Group of House GOP lawmakers removes masks in chamber on Tuesday

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WASHINGTON – A group of House GOP lawmakers refused to wear face masks on the floor during votes on Tuesday in defiance of leadership's COVID-19 protocols.

House Democrats imposed a rule in January that said members would be fined $500 on a first offense and $2,500 for a second offense if they did not wear a mask on the House floor.

A Capitol official told USA TODAY that three Republicans will be issued $500 fines for defying the mask rules: Reps. Brian Mast of Florida, Beth Van Duyne of Texas, and Mariannette Miller-Meeks of Iowa.

Seven other Republicans will be issued warnings: Thomas Massie of Kentucky, Lauren Boebert of Colorado, Marjorie Taylor Greene of Georgia, Chip Roy of Texas, Bob Good of Virginia, Mary Miller of Illinois, and Louie Gohmert of Texas.

If these lawmakers defy the rules again, they could face either $500 or $2,500 fines, respectively.

Mast was first approached by a staff member of the House sergeant-at-arms during votes and refused to put a mask on. Then others followed suit.

These included Miller, who sat in the front row next to Rep. Ralph Norman, R-S.C., neither donning a face covering.

Greene , Massie and Boebert stood at the front of the chamber, talking and laughing.

Van Duyne and Good sat amid a sea of their masked colleagues, while Rep. Madison Cawthorn, R-N.C., wheeled himself into the chamber with a face covering and whipped it off after he sat in a chair.

The confrontation follows loosened masked guidance from the Centers for Disease Control and Prevention for people who are fully vaccinated, even indoors, except in crowded indoor settings.

But not every House Republican is vaccinated.

Massie, who CNN has reported is not vaccinated, tweeted repeatedly about the group of members not wearing masks. Massie tested positive for coronavirus antibodies in July. The CDC recommends people still get vaccinated regardless of whether they have had coronavirus, because experts still aren't sure how long natural protection will last.

More: New mask guidelines: Great for some, confusing for others. What experts say this does to the CDC's credibility.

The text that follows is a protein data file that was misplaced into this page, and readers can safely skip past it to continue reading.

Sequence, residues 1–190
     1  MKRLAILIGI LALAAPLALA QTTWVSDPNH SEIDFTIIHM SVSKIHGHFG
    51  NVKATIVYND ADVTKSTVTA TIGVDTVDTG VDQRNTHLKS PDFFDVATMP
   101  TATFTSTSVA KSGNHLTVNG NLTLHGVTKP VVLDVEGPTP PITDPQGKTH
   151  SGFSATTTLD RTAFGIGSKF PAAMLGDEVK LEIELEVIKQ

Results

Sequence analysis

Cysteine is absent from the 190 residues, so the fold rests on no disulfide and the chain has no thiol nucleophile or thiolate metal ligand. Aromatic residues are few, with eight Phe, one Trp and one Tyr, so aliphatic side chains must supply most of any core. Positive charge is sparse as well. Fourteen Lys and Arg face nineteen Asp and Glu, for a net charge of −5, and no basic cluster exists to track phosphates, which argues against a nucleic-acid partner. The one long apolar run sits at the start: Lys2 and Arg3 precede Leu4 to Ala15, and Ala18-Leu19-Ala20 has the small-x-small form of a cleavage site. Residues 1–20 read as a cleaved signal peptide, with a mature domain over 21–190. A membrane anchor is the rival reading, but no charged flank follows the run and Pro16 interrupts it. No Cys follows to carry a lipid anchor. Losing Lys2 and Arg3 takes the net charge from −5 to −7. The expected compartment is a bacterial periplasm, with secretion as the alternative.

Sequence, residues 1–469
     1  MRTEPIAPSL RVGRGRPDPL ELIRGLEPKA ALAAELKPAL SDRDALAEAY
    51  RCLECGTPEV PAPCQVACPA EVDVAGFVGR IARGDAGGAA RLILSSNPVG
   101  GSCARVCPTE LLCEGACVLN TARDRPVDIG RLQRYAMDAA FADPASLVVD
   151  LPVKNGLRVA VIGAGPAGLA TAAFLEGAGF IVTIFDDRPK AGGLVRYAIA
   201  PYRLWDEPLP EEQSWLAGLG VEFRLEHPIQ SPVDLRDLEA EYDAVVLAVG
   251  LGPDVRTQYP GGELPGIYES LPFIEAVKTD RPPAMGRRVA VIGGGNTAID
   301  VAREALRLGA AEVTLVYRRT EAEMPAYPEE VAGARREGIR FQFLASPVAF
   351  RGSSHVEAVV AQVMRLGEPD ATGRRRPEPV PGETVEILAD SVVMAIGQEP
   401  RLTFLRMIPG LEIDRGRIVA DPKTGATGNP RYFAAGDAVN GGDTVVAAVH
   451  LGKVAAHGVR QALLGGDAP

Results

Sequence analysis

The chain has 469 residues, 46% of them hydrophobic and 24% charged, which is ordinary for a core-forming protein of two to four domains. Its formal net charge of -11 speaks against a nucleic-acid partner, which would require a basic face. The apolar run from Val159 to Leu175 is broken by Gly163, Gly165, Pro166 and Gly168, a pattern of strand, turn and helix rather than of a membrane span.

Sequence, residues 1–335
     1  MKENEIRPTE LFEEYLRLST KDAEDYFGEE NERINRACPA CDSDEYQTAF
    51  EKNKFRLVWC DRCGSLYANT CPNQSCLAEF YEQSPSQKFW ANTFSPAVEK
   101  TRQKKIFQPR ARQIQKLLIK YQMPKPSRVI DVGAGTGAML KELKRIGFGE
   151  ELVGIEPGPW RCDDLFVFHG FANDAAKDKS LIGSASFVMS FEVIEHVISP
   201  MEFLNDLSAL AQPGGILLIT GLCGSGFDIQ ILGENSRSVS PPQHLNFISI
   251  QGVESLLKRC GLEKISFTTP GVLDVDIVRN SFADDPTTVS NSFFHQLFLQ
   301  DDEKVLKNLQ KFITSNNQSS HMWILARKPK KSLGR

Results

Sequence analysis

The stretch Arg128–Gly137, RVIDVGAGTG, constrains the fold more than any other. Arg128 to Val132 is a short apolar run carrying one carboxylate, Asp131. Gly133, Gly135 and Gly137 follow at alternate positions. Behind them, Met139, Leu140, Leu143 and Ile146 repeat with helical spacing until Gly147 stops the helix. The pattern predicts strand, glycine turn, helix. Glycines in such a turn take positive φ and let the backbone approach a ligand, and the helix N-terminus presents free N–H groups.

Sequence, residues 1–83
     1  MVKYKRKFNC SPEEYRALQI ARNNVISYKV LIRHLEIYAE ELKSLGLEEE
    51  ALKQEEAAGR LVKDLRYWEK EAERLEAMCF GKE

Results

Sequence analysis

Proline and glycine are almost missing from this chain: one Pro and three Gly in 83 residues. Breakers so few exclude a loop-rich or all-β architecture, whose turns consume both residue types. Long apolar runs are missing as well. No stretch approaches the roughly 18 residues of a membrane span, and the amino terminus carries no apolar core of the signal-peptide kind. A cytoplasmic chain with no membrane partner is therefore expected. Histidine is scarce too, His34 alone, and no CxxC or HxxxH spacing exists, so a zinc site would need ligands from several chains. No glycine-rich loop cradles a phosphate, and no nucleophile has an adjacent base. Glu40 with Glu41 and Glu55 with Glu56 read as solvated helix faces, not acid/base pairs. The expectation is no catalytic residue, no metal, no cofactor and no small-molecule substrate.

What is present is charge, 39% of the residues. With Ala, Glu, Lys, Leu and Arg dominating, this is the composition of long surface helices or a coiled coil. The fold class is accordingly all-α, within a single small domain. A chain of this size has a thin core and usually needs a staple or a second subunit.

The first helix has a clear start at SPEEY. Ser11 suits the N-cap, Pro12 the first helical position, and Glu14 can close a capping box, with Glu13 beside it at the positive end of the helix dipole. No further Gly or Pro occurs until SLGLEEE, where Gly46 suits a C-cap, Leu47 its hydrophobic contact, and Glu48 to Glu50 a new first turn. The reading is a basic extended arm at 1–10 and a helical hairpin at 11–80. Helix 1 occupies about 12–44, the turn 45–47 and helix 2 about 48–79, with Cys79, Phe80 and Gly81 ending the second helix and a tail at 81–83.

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A few other members, such as Greene, would not say whether they have been vaccinated.

At one point, when several of the maskless members had congregated near the front of the chamber, Rep. Robin Kelly, D-Ill., approached them and confronted Massie about not wearing a mask. Massie could be heard responding: "I can't hear you" with the mask.

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Rep. Jamie Raskin, D-Md., vice chair of the Committee on House Administration, then approached the group and spoke with Massie, Boebert and Greene for an extended, heated conversation. Raskin then walked away, shaking his head.

When asked what they spoken about, Raskin told USA TODAY he was telling the group of Republicans that “100% of the Democrats have been vaccinated so the only reason we can’t take our masks off on the floor is because of them."

Raskin said the Republicans had responded they "were having a civil disobedience protest" to which he sarcastically compared them to "21st century Freedom Riders."

The Republicans are doing "the House a disservice, the country a disservice. I think they'd be sending a much stronger message if they got vaccinated. If all of us were vaccinated, we can all take our masks off. That would be the message," Raskin added.

Raskin later told USA TODAY, "I’m not interested in them getting fined. I’m interested in them getting vaccinated.”

Afterward, Mast told reporters that it was the "best $500 I ever spent.” The group wouldn't elaborate on whether they were all vaccinated.

POLITICO reported that House Minority Leader Kevin McCarthy, R-Calif., is planning a privileged motion on the mask rules Wednesday.

This article originally appeared on USA TODAY: Group of House GOP lawmakers remove masks in Chamber